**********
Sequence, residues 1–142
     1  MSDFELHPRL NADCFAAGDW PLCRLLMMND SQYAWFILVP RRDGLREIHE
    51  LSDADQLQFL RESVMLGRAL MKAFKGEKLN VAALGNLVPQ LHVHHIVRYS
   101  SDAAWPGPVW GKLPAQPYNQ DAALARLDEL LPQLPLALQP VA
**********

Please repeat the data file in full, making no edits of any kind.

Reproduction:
Sequence, residues 1–142
     1  MSDFELHPRL NADCFAAGDW PLCRLLMMND SQYAWFILVP RRDGLREIHE
    51  LSDADQLQFL RESVMLGRAL MKAFKGEKLN VAALGNLVPQ LHVHHIVRYS
   101  SDAAWPGPVW GKLPAQPYNQ DAALARLDEL LPQLPLALQP VA